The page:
Inner Classes and Their Usage

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17 Replies - 4125 Views - Last Post: 15 April 2010 - 03:33 AM

#16 Dogstopper  Icon User is offline

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Re: Inner Classes and Their Usage

Posted 13 April 2010 - 05:36 PM

@cfoley: actually, with your current design, I do think that the has-a relationship is better than it. This is because MyStuff USES (or has-a) a CustomJPanel, as opposed to inner classes where it should be a member of or extend an object (a part-of relationship).

I actually prefer the has-a relationship that macosxnerd101 has in his example because, as baavgai said, it just makes for more clean code. Especially when writing games, where there are literally several DOZEN classes, it is better to make each class as short, concise, and extendable as possible. Nested classes are inherently against this principle, obviously with some exceptions to that rule.

The methodology of painting that you are using (passing the graphics object to other classes), however, is good. That allows the program to be object oriented and most importantly EXTENDABLE. It allows for major changes to go by easily without having to majorly refactor your code(such as adding a State Machine or another Panel for that matter).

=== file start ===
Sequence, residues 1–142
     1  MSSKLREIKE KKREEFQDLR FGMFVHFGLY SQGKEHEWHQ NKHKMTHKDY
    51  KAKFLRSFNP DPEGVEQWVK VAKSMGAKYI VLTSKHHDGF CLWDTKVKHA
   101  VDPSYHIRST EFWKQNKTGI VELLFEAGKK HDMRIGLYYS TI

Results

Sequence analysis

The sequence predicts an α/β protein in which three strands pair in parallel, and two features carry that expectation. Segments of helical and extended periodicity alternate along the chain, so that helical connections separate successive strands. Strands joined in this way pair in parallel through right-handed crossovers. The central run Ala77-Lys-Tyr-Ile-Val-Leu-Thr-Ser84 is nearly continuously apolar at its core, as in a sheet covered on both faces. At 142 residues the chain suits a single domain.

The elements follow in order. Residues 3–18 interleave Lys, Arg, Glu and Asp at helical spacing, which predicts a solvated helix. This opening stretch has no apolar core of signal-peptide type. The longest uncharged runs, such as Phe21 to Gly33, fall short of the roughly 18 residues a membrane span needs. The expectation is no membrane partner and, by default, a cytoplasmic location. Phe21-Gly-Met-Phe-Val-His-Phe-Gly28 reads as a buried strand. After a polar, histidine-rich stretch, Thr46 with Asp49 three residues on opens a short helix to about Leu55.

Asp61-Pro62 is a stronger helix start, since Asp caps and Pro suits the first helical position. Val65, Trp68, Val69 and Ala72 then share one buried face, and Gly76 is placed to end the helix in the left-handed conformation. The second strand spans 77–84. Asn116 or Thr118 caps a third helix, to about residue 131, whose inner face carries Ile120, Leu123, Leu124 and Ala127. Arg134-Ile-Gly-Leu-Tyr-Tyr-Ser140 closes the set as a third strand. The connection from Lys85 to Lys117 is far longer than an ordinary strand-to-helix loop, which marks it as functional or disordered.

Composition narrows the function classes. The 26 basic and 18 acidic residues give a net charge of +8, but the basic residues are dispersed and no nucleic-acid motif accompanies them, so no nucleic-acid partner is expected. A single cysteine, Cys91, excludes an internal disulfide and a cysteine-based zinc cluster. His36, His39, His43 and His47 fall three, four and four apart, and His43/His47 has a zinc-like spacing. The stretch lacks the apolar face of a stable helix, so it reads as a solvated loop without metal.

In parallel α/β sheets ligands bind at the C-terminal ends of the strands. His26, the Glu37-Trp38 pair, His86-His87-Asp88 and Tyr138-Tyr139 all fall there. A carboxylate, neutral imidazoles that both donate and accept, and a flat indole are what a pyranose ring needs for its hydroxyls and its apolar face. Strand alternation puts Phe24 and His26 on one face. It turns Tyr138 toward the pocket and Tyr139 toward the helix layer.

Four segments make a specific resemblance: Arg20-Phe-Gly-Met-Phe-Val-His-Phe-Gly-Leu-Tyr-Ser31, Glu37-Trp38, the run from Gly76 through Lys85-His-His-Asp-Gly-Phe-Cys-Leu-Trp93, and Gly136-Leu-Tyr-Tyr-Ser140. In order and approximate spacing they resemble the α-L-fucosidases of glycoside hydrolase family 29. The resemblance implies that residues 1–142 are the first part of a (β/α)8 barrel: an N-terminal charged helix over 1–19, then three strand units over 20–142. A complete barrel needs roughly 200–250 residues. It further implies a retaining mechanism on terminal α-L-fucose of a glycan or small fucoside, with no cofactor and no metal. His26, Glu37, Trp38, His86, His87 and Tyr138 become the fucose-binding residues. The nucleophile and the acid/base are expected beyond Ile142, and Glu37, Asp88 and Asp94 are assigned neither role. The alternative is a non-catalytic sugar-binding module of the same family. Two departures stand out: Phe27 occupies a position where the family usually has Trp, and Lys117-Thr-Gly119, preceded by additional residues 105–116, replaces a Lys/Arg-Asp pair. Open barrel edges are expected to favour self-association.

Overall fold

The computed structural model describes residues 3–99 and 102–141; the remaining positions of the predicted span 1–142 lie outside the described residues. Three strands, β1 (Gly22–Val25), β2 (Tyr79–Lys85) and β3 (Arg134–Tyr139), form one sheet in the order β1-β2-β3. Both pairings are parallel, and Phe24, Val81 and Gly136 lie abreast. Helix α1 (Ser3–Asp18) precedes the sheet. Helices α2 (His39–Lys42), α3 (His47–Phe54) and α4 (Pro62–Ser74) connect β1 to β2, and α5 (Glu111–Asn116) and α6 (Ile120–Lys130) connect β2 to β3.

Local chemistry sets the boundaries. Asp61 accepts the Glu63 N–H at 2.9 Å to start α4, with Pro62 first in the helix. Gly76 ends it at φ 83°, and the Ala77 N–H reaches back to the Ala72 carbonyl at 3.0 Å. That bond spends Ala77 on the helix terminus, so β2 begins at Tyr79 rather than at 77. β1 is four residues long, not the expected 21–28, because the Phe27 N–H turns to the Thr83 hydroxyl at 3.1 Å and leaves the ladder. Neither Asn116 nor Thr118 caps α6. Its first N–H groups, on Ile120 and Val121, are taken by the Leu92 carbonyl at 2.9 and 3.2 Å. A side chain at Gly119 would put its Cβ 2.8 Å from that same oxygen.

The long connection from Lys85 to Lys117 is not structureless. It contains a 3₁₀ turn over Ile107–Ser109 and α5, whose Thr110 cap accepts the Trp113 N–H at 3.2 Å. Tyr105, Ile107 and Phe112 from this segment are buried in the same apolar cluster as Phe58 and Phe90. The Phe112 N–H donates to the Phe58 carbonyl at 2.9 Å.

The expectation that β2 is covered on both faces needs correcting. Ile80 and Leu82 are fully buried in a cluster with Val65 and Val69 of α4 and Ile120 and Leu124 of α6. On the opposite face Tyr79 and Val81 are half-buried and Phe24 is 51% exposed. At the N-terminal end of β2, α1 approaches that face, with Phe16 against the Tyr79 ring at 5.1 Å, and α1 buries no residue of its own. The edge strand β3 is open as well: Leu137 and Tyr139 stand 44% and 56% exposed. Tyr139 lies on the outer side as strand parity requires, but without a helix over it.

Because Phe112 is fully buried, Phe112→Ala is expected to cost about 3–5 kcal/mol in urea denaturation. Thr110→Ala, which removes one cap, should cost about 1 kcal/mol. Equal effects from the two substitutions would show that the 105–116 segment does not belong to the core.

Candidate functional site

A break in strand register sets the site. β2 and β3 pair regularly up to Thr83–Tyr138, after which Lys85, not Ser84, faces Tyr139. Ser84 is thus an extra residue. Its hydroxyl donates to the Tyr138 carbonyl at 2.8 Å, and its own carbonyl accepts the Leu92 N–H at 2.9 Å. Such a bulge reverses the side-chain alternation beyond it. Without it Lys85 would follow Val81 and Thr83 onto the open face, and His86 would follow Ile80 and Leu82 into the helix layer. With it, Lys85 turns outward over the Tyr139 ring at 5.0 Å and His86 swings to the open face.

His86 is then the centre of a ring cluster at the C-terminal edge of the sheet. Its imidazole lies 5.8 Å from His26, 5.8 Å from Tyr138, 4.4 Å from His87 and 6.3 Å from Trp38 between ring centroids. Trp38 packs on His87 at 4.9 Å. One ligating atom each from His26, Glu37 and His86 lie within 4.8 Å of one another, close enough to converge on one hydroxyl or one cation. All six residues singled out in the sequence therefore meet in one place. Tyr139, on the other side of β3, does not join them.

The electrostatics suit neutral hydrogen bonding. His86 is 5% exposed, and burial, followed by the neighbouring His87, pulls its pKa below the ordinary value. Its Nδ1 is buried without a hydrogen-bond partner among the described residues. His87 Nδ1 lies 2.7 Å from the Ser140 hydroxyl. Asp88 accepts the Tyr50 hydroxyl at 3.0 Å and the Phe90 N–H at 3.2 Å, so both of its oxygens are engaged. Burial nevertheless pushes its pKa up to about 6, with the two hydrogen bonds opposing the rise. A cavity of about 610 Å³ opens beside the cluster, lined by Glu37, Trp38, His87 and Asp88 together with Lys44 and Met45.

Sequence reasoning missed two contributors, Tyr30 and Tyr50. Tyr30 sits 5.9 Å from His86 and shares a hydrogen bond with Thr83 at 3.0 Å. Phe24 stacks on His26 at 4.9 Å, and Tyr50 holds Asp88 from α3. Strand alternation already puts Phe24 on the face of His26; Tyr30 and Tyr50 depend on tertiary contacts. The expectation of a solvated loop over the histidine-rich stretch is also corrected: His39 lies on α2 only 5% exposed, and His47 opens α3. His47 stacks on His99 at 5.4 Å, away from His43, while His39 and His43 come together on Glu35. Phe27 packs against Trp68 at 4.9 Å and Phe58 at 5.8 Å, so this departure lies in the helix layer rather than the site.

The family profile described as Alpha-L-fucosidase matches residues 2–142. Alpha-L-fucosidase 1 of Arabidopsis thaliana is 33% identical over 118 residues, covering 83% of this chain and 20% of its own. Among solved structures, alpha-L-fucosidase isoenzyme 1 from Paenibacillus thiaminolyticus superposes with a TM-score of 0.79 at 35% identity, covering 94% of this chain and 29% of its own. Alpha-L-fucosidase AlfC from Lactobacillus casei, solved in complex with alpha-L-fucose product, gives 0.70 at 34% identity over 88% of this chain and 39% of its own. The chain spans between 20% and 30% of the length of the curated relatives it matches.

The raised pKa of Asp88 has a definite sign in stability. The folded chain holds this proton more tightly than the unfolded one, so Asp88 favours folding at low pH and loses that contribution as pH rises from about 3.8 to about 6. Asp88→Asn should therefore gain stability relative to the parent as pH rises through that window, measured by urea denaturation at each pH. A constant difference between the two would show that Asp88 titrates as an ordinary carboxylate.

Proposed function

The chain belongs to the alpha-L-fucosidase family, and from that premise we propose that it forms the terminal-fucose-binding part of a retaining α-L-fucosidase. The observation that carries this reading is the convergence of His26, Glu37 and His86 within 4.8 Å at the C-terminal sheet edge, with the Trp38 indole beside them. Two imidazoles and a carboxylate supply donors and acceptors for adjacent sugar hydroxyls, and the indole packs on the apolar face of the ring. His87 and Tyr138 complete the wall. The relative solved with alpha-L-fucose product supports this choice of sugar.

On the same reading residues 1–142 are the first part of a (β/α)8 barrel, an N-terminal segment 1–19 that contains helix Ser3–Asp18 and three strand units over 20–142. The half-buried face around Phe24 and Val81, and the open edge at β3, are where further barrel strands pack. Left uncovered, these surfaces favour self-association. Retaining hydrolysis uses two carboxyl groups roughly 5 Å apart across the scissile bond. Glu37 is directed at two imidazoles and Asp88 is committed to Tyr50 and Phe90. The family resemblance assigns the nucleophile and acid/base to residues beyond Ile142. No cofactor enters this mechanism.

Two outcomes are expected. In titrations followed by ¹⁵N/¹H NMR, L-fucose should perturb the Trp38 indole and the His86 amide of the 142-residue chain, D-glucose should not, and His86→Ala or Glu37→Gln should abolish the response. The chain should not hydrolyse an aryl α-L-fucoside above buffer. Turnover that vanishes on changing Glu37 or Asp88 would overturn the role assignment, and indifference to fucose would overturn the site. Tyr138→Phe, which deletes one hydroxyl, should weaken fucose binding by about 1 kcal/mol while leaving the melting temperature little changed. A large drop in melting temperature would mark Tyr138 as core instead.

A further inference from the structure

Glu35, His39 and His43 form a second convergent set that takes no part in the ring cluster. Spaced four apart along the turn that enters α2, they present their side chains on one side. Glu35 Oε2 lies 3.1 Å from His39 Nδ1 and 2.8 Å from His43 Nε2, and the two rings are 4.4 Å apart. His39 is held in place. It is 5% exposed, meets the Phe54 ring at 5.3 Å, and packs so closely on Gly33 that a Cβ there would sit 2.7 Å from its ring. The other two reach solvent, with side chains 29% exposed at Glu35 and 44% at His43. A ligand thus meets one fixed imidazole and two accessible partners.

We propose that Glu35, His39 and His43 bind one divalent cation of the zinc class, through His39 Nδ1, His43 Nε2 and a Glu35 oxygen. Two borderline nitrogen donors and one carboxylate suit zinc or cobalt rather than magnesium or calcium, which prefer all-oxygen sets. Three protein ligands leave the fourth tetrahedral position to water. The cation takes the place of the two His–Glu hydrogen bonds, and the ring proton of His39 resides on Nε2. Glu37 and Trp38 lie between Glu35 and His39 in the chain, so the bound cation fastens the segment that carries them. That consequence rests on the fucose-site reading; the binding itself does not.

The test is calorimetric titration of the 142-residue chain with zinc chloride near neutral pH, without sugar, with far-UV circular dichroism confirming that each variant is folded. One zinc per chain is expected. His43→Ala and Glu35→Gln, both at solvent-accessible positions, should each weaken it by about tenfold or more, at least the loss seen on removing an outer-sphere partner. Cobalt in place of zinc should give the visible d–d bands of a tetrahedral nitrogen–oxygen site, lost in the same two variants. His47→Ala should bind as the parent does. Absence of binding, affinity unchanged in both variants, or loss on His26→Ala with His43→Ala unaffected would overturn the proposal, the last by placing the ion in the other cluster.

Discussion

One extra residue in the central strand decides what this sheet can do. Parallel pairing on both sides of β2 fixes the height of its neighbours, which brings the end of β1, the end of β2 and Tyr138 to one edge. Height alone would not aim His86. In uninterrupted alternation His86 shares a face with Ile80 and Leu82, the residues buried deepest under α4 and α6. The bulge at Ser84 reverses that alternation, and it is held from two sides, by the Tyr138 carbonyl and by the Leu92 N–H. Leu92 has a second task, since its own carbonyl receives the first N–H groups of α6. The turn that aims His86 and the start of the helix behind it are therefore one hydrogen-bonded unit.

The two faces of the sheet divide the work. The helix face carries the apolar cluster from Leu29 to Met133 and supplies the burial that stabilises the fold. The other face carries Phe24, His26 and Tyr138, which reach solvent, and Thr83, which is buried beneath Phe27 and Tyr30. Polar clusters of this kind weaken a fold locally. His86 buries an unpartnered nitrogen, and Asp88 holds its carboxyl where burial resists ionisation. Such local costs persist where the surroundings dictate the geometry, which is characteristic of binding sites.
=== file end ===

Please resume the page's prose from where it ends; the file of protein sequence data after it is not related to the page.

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#17 cfoley  Icon User is online

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Re: Inner Classes and Their Usage

Posted 14 April 2010 - 02:05 AM

Thanks for the explanations there guys. Something to chew over. :)
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#18 DCEast  Icon User is offline

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Re: Inner Classes and Their Usage

Posted 15 April 2010 - 03:33 AM

View PostMartyr2, on 11 April 2010 - 04:01 PM, said:

Am I a big proponent of it? Welllll.... Personally I rather choose other methods when showing people on boards like this just because inner classes don't always seem intuitive and if it is not intuitive then it can lead to confusion. However, if you are experienced, inner classes can save a lot of work if used properly and your design calls for it.

:)


Awesome explanation! I thought you were one of my professor's at first because you used the Point class/struc as an example. Almost everyday I hear "If we have a 'Point p' and a 'Point A'....

Seriously though, great topic.
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